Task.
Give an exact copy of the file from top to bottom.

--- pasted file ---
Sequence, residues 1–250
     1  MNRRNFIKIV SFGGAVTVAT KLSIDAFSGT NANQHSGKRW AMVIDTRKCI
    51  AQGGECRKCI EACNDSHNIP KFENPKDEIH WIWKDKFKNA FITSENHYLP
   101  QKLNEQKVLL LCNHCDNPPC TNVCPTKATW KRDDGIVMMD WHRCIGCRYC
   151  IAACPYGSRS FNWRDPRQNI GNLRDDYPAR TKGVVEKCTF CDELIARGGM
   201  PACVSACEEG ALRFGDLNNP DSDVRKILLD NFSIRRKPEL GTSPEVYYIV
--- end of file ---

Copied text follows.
Sequence, residues 1–250
     1  MNRRNFIKIV SFGGAVTVAT KLSIDAFSGT NANQHSGKRW AMVIDTRKCI
    51  AQGGECRKCI EACNDSHNIP KFENPKDEIH WIWKDKFKNA FITSENHYLP
   101  QKLNEQKVLL LCNHCDNPPC TNVCPTKATW KRDDGIVMMD WHRCIGCRYC
   151  IAACPYGSRS FNWRDPRQNI GNLRDDYPAR TKGVVEKCTF CDELIARGGM
   201  PACVSACEEG ALRFGDLNNP DSDVRKILLD NFSIRRKPEL GTSPEVYYIV